Redcurrant Rovada (Ribes Rubrum) Fruit Bush 3ltr Pot
About Redcurrant Rovada
Considered by some to be the best variety available. This late flowering and late fruiting Dutch bred variety is excellent for extending the season. A prolific cropper producing enormous yields (up to 10kg per bush!) of large,luscious, translucent fruit that hang on long strings to make for easy picking. The currants have outstanding flavour and are excellent eaten fresh. They also freeze well and are ideal for cooking. Rovada has an upright habit and good vigour.
- Self fertile
- Plant 1.5m apart
- Height & Spread 1.5mm x 2m
- Crops July - August
An ideal fruit to grow in a container or small garden, the rovada red currant is a popular dutch, late-season fruit that produces yields from late July to early August. This is a hardy and easy to grow plant that is great for new growers and expert cooks alike. Thick woody stems produce light green serrated leaves and dangling clusters of round red fruit. A tart, but refreshing fruit that goes well with yogurt, ice cream or on its own the sweet juice of the redcurrant goes amazing well with lemonade or if crushed up with gin and tonic water. This hardy redcurrant produces fruits rich in vitamin C that will grow without splitting. This variety is extremely popular with enthusiasts for its robust and high yielding bush that can produce up to 10kg of fruit a year.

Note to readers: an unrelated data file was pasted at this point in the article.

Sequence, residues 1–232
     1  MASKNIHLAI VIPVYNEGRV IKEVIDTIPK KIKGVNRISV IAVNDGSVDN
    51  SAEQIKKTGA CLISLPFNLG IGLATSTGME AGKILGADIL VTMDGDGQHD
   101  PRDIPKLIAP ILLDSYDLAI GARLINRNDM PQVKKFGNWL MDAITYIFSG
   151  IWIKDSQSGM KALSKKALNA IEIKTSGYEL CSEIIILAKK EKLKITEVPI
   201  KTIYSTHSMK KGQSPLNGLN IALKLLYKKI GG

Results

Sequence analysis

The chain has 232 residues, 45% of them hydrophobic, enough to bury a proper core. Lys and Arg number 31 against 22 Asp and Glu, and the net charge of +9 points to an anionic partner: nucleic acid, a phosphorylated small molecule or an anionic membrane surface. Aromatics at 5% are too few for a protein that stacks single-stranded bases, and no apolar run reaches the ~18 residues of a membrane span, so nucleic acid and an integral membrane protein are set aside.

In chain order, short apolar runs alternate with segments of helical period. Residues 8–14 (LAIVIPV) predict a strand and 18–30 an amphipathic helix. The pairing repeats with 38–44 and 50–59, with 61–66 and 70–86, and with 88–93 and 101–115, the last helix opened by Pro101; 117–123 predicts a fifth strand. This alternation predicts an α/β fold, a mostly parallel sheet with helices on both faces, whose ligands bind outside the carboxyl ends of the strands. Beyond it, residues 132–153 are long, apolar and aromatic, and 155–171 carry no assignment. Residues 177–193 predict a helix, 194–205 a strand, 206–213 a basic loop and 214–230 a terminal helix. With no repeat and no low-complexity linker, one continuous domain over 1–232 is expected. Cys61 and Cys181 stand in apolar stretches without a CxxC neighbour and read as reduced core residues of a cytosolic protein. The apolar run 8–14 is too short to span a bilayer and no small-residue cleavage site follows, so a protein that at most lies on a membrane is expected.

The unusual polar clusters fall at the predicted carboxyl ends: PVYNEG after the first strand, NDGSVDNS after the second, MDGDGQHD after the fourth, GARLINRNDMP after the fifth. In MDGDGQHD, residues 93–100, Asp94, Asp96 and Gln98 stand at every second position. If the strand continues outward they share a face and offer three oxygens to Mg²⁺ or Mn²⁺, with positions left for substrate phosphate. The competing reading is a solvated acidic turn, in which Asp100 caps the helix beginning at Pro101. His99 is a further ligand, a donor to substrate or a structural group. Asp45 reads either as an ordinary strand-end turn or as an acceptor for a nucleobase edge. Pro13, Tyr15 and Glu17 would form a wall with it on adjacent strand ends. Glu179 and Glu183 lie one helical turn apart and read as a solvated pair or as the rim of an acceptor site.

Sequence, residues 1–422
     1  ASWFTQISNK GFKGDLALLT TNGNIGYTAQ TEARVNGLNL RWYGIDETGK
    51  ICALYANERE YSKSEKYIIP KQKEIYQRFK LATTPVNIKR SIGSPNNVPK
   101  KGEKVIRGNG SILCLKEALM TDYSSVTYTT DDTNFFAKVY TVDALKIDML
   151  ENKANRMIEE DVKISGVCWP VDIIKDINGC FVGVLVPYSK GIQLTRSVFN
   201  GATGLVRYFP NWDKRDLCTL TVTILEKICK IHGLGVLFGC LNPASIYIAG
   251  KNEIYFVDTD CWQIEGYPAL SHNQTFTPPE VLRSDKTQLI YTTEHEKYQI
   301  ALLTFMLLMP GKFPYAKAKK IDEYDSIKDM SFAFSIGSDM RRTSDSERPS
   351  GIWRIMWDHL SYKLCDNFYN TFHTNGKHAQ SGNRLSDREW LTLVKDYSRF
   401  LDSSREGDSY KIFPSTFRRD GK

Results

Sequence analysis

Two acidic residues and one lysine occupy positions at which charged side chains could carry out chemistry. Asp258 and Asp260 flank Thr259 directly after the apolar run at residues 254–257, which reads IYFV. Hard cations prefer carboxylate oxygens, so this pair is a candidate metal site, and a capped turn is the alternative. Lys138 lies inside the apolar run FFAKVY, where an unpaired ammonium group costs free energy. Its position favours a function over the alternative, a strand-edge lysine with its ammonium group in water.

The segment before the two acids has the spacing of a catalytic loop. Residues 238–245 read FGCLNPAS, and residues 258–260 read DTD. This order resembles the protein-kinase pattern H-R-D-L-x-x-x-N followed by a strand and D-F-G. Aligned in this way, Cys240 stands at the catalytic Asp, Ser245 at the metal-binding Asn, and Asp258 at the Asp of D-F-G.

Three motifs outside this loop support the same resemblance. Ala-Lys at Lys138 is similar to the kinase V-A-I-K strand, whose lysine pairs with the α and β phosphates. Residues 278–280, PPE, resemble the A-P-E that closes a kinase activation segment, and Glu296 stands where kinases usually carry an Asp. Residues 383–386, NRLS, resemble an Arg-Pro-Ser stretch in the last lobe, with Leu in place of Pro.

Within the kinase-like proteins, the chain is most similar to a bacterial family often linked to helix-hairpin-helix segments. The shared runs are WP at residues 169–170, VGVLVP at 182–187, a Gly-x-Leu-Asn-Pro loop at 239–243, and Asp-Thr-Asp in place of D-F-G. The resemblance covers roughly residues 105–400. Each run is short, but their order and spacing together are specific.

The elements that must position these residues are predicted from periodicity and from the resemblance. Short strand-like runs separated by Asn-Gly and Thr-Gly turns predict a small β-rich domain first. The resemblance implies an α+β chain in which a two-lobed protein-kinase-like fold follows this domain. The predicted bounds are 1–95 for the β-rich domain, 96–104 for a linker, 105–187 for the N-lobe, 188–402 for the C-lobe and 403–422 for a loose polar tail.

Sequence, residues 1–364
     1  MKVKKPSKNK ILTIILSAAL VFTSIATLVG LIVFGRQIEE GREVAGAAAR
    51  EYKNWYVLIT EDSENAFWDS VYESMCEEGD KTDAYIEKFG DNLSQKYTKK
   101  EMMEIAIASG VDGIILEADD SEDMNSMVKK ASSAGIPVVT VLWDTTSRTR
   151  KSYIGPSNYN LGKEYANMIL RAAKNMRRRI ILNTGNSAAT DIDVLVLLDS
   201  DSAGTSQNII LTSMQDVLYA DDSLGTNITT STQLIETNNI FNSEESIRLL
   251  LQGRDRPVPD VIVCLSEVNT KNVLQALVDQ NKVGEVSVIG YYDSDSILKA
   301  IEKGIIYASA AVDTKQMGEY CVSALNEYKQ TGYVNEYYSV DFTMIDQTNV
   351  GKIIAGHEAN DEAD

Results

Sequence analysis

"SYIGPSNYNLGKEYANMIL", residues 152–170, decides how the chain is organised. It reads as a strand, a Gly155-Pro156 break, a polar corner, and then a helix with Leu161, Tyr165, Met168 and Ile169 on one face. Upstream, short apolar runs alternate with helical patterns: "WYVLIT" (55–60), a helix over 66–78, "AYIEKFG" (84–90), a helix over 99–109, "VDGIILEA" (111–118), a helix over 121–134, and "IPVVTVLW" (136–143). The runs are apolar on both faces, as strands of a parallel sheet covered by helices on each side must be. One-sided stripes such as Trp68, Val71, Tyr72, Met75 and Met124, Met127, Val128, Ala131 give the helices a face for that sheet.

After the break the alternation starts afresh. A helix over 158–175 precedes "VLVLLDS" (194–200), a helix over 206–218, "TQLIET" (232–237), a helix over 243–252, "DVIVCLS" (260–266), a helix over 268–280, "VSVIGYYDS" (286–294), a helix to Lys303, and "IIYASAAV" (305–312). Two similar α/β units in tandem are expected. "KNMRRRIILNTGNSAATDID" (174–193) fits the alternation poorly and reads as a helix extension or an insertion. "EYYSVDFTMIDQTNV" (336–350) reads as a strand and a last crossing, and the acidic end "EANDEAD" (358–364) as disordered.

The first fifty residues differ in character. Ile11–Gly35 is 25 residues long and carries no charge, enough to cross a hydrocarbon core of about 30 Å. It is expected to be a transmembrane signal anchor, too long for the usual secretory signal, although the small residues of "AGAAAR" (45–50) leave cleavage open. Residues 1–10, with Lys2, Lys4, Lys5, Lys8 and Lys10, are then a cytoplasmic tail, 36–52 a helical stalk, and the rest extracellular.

How to look after red currants
Red Currants prefer moist, well-drained soil in full sun, or light shade. Feed with a liquid fertilizer once in the spring to encourage a good yield. Repot every 2-3 years into the same pot or slightly larger. Trim back some of the roots and tease away the old soil replacing it with fresh compost. Trim twice-yearly and In July, trim all new side shoots to 5 leaves. In winter, cut back main stems by half and any side shoots back to 2 buds. Any stems that are damaged, dead or out of place can also be removed.
How do you harvest redcurrants?
In early to mid-summer, the plant will produce small white or pink flowers that will soon fall off to reveal the young fruit. Over the next few months, the fruit will grow inside and change from green to red. Once the whole fruit has gone red you can harvest the fruit by pinching it and twisting it off the stem. Avoid pulling the fruit as it may not come off completely.
How do you store redcurrants?
Once picked a redcurrant will not last long. If you want to preserve your fruits for longer you can either blend the fruits into a thick juice which you can freeze or freeze whole fruits in an airtight bag.
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